Writing Our Time / Painting Lesson

Image courtesy Pariplab Chakraborty

Stretch a canvas across                           the pane of reality
and you will see                                        all that is surviving.
You will see                                                the curving earth
in a fist of black smog.                             Amazonia finding a way
to sprout plumes of smoke                      from its feral, maddened belly
miscarrying her children                         borne by the arrogation of fetid male
breath and somewhere                                             across the quaver of human ears
in a forgotten world                                   mothers are anxious with the tightening
noose of time, mothers                             are anxiously telling their sons
time is shortening, aloft                           the light closing it will all pass.
A sculptor is using                                     her fine chisel of gunmetal and gnawing contrition,
picking out holes in ribcages                   where hearts once keened: first a pellet gun, then an
aerial camera found them                                                          scattered across the valley.
a girl is ravaged in the temple, a boy                        blinded in class
by the incalculable torpor                           of men in green                      it’s hard to see them
beneath the trees                                           behind the bush. Look home, a door ajar, kicked in
there is mother’s yellow dupatta            pickled in tears and blood, put the crud in the grave
with the pellets the bullets the mallets     forever hauling our eyes                          to the sea.

 

Say ‘amor fati’, say, ‘we will never foresee the nature of things that are yet to drag us into their love’. Say, ‘the wish, the hope, the dream, the solemn hug that didn’t last, the dry tug of it all’, say ‘the story is never over, nothing is ever over’, say, ‘the sun in the sunflower seed is the veil of denial rent open’, say, ‘the end of hope gives way to clarity’, say, ‘in the end, you once stood upon the rocks at Sahastradhara’, say, ‘they told you it is water that cuts stone, gorges, valleys, the great barrier reef, none of them stand alone’, say ‘in the wide swathes of time (and pass, it will), everything will wash over us’, say ‘we will live as the taste of brine in a whale’s mouth’, say, ‘we? we will all be washed away, our bad bits washing up on every beach.’

 

Hammer in the canvas over the frame
Hammer in your dreams upon the canvas
Hammer the truth into popular consciousness
and watch the world baulk at it like a dalit forced into birth.
Forced into a name, into living, pummeled into death.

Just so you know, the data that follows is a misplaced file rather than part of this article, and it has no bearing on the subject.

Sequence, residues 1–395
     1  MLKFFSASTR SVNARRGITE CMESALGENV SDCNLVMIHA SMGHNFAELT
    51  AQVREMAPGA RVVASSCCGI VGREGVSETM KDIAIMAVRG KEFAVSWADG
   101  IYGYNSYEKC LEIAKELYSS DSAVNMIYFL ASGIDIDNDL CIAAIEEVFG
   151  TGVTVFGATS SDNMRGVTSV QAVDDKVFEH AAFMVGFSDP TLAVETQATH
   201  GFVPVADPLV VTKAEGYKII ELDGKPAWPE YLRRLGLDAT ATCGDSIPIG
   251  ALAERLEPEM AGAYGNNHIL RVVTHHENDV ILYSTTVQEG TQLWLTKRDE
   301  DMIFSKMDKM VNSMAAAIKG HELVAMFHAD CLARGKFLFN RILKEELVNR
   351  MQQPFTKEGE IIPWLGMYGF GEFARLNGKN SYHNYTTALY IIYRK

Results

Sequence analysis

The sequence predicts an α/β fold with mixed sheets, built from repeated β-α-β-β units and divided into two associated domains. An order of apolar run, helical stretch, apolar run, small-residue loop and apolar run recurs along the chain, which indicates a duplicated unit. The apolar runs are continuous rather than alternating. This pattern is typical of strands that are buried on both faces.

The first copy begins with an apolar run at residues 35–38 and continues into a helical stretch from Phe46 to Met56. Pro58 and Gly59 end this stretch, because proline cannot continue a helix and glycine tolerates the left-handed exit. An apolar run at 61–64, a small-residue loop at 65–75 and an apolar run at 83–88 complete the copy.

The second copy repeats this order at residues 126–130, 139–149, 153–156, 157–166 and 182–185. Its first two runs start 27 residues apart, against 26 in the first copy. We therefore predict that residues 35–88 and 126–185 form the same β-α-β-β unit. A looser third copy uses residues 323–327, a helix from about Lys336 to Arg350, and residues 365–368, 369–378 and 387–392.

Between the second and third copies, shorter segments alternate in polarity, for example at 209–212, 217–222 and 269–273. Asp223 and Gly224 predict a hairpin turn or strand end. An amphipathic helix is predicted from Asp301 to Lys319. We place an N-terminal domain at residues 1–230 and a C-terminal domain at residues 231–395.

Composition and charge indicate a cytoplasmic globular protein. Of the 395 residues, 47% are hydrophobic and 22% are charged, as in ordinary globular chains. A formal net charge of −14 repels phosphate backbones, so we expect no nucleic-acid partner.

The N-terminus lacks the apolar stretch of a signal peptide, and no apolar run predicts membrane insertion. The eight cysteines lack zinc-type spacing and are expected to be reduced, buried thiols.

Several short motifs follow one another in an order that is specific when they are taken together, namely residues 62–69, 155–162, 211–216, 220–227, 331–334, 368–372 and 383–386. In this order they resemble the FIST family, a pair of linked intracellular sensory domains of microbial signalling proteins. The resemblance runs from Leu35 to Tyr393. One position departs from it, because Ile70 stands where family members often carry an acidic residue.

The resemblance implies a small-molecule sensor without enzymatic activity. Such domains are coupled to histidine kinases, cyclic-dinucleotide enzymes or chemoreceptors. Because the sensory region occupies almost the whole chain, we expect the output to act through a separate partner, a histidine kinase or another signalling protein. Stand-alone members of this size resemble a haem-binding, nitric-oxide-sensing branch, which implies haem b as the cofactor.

Are you waiting for the winter to wane into an upright fog?
Are you waiting to align your spine with its quiet dignity?

Are you waiting for the man and the woman living inside your belly to fall in love?
Are you waiting for them to be in conversation eternally?

Do you want to stop being, because being is not doing
and not doing is the undoing of being?

Are you waiting for life’s embarrassments to wither into a convenient forgetting?
Are you afraid they will not?

Are you waiting for the simpletons who never understood you enough
to forgive you? Are you?

Are you waiting for desire to learn that its always on the wrong target?
Are you waiting for the day you will find the words, and won’t fall short?

Do you wish words did not exist in such excess?
and has excess been the undoing of all your charm?

Do you wait for the hour when others will cease to skirt
around the bush? And push the detritus of their peccadilloes into the universe?

Are you in the habit of coveting your neighbour’s horse? Your best friend’s wife?
Do you know your life is nothing, when you don’t control the destiny of your words?

 

Grief never belonged to one, always a guest.

(I) Watch mother hold the flag at half mast
in her heart, eyes welling as she casts the bones
into ceramic waters. Her husband is gone.
An empty beehive still sways, hangs on
the porch of her village home.

 

Praise the farmer that unburdens the land of his own weight. / Praise the children who wish he had taken poison,/ not hung himself. Praise / the village that knows poverty as epidemic.

Praise the woman who forgives him.

 

The word enthusiasm originally meant there is a god living inside you.
The world be damned for not knowing it.

 

Open your mouth wide, close your eyes
feel the rain sluice down your throat
and pull out your insides.

Noli timere.

Behold. The canvas is still empty, immortal.

This poem was first published in Berfrois.
Medha Singh is a Delhi-based poet. She is currently the India Editor at The Charles River Journal, and Editorial Board member of the Freigeist Verlag.